And according to Carter, there are a few reasons for that. First, she said that she is a prime candidate because of her knowledge of the surrounding area and experience living and working within Detroit. And secondly, she said she is excited to be a part of a university that makes research a priority.
“I lived in Detroit and around Detroit for 22 years, and Detroit is a city that’s on its ascendancy,” she said. “The motto of the Spirit of Detroit about rising from ashes really does fit, and Wayne gets to be part of that in a very real sense. So, that’s exciting. It’s also a research university and part of a group called the Urban 13 and these are outstanding universities located right in the heart of metropolitan areas and have research at their core.”
A Clear Outlook
Carter also said that if elected, she’ll come prepared with a multi-tiered plan that focuses on five priorities: accessibility, affordability, accountability, achievement and success. Carter said that both accessibility and affordability tie back to the state legislature.
“This, even though the state legislature, sadly, has continued to defund education and higher education in the state, still is a university for people of Michigan as well. It’s highly central to who we are,” Carter said. “We need to find ways to make sure that we hold responsibly the line on costs. There are going to be increases — much of our life our auto insurance goes up — but to make sure that those are responsible increases. And that we provide the means for those students who have less means and less opportunity financially to assist them.”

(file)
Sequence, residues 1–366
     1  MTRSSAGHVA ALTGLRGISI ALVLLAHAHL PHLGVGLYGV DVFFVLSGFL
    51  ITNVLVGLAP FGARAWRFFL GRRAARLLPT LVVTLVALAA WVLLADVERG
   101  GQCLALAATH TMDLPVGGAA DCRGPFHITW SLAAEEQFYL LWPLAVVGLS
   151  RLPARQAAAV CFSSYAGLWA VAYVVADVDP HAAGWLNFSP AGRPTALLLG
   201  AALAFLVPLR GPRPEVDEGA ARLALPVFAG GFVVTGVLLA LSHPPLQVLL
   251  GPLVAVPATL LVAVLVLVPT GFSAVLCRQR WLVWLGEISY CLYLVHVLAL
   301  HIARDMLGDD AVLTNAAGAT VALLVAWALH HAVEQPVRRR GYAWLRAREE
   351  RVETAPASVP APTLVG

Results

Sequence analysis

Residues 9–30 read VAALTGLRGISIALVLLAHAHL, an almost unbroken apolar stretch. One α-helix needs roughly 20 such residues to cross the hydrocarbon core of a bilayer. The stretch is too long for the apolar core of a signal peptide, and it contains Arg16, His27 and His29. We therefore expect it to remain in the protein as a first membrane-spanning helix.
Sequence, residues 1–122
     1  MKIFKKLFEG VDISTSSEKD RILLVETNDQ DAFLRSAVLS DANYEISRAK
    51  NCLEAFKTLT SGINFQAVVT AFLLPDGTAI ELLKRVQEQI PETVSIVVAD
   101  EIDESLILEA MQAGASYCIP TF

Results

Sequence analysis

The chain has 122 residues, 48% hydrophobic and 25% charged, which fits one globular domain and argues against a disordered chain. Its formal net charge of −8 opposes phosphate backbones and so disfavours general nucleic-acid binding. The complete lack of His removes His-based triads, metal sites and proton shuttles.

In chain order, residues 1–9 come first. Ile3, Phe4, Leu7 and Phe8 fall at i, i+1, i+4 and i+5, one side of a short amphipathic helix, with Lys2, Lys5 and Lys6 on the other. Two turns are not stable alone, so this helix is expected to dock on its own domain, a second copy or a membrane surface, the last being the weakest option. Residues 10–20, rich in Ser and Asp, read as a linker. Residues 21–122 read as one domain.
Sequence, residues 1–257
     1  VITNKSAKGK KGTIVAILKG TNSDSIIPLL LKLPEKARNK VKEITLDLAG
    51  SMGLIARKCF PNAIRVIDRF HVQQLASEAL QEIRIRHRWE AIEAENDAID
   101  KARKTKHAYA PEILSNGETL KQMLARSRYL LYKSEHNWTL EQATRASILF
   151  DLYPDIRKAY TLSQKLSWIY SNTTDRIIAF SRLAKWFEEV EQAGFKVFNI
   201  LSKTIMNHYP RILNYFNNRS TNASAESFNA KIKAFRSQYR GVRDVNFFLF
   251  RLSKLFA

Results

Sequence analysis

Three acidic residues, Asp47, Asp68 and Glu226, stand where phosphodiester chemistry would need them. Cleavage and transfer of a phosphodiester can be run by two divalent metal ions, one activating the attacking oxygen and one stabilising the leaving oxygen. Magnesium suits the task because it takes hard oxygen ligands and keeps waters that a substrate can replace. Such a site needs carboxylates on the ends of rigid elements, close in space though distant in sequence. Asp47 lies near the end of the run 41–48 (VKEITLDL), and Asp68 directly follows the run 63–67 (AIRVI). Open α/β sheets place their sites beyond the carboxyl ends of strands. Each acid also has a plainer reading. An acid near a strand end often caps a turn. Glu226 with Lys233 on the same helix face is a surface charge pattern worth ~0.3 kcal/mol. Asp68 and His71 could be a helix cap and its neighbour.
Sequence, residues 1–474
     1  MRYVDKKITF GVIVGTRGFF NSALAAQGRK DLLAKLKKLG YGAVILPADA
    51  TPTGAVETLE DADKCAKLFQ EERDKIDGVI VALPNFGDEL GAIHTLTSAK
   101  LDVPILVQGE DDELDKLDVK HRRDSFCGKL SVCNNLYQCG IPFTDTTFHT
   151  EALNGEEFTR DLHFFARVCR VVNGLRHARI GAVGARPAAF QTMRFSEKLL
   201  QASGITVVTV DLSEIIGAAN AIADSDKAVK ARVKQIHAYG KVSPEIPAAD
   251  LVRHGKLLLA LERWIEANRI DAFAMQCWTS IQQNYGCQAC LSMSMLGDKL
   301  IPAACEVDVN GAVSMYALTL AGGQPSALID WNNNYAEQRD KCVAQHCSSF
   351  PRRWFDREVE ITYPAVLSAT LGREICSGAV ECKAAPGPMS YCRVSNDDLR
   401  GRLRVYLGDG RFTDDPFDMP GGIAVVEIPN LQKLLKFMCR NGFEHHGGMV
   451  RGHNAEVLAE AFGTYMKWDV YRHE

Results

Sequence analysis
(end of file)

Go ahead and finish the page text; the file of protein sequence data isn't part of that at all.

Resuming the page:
In terms of accountability, Carter said that her experiences at MSU really imprinted the importance of that value. She said that especially at the administrative level, accountability is something that Carter said she will work to maintain.
“It needs to be accountable to the people of Michigan. I look at something like the event with Larry Nassar and that concerns me. That concerns me a great deal,” Carter said. “So, how can we do better? Where did we go wrong? Because something clearly failed. That’s not OK. So, working on those.”
Carter also hopes to be accountable when it comes to maintaining a diversity-oriented campus.
“As a lesbian, I want to make sure that in an era of seeming less tolerance that everyone’s protected, and everyone has a right to thrive and grow,” Carter said. “That my orientation isn’t a barrier and isn’t a bludgeon to be used against us. Making sure that there’s room for all voices and respect for all voices and that (the board) functions as a team because, essentially, as with any board of directors, it’s primarily a policy and fiduciary responsibility.”
Carter said that this push for inclusion will be a great way to ensure the last two elements of her plan follow through.
“Wayne State has a different character in some ways (than MSU) of undergraduate students. That is that they are first generation and achievement becomes important,” she said. “Making sure that young men and women coming from families that don’t necessarily have college in their background have the tools to ultimately succeed. Those parts really excite me.”
For now, however, Carter is looking forward to the end of August. She said that if appointed to the WSU Board of Governors, above all else her priority will be upholding WSU’s dedication to knowledge.
“Knowledge is critical, how we disseminate it, how we treat it, and how we to go forward is really important,” Carter said. “I’m looking forward to that.”
For more information about the upcoming nominating convention, visit michigandems.com.